“Although it’s hard to predict exactly what the debt ceiling negotiations will mean for Federal IT and cybersecurity, it’s very clear that agencies’ investment management prioritization and cyber risk management practices will be put to the test as they modernize and secure critical federal operations,” said Dave Powner, who now heads MITRE Corp.’s Center for Data-Driven Policy and formerly was director of IT issues at the Government Accountability Office (GAO).

“Capping future year budgets forces agencies to make decisions between funding short-term mission needs and investing in modern, nimble, resilient cloud-based enterprises,” said Ross Nodurft, executive director at the Alliance for Digital Innovation.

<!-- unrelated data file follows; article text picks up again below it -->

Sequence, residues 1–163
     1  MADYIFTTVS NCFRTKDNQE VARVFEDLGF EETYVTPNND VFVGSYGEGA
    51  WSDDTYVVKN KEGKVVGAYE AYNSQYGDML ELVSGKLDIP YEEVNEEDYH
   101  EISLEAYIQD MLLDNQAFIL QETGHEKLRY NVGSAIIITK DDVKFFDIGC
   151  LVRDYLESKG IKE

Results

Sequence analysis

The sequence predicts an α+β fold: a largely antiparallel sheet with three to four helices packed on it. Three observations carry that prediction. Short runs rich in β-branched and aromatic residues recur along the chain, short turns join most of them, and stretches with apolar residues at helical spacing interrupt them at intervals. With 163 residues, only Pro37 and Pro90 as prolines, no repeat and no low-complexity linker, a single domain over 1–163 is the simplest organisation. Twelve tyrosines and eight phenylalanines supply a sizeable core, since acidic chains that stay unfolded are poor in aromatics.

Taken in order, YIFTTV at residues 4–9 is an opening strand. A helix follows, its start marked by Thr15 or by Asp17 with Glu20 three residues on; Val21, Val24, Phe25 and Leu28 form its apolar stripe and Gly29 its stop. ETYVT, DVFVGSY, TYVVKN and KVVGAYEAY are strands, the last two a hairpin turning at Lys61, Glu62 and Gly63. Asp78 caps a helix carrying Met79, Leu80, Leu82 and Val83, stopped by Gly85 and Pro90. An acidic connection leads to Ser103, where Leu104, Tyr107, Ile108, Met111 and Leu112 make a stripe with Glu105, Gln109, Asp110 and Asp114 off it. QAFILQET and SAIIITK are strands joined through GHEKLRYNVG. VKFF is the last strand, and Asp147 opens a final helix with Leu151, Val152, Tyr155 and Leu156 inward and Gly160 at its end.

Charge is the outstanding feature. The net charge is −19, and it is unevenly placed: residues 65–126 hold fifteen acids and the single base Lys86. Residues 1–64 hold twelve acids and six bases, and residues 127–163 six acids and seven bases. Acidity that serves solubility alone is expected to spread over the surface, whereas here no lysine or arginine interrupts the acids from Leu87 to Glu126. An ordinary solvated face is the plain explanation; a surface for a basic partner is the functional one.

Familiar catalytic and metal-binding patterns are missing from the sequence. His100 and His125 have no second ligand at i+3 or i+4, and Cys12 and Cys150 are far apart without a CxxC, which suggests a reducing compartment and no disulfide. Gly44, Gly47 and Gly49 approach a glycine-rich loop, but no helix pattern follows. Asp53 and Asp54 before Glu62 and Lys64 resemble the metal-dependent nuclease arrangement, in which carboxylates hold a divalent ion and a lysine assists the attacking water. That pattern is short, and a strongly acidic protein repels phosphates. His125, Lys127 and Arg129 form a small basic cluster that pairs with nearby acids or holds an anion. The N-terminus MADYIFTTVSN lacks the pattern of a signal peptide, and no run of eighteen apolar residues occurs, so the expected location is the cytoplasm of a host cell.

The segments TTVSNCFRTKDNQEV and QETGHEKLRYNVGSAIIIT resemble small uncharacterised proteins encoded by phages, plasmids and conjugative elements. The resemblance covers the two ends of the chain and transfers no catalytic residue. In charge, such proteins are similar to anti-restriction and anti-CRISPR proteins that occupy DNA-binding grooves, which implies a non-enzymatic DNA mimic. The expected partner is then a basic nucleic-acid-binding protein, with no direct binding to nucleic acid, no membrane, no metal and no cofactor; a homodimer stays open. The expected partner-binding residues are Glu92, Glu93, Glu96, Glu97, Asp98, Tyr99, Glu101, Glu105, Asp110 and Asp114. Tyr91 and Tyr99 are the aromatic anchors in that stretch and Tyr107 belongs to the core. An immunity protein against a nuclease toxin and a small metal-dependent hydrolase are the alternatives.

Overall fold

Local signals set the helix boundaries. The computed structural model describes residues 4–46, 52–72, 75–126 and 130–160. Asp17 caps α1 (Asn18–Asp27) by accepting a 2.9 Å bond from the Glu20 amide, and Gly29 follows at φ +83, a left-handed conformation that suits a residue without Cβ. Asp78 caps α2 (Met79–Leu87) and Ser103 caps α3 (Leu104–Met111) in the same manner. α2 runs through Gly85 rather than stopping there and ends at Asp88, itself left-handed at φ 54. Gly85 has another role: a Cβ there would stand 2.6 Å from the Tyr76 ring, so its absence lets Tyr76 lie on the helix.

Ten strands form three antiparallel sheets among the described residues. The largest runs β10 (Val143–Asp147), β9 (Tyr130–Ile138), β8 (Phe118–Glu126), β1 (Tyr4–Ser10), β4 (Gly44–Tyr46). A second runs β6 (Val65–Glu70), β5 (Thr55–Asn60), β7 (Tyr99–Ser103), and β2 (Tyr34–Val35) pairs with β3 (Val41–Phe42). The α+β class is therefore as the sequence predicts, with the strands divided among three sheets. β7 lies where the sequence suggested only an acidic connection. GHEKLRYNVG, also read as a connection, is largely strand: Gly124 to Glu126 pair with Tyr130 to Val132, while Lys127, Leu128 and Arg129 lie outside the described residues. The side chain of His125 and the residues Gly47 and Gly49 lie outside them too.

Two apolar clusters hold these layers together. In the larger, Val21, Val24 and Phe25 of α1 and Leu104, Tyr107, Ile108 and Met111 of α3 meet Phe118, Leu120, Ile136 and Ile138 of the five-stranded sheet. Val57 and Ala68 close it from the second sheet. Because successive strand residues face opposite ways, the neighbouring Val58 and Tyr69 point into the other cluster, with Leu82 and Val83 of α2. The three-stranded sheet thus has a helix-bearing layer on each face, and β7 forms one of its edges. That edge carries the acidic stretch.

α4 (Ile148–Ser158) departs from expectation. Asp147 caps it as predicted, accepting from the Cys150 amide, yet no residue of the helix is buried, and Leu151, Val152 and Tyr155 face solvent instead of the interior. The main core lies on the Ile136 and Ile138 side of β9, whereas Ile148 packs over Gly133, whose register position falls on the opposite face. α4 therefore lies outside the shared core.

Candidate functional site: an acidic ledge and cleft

“Cutting investments in enterprise information technology to pay for other expenses has long-term consequences and builds on the legacy technological debt that we are trying to resolve today,” he continued. “As Congress wrestles with the details of how any agreement is implemented, IT modernization and investments in cybersecurity should be taken off the table as a billpayer.”

Matthew Cornelius, who until earlier this month was the senior professional staff member for Senate Homeland Security and Governmental Affairs Committee Chairman Gary Peters, D-Mich., pointed to a couple of specific tech and security-related funding clawbacks in the debt ceiling agreement in principle, and also talked about the need for sustained funding to move government IT capabilities forward.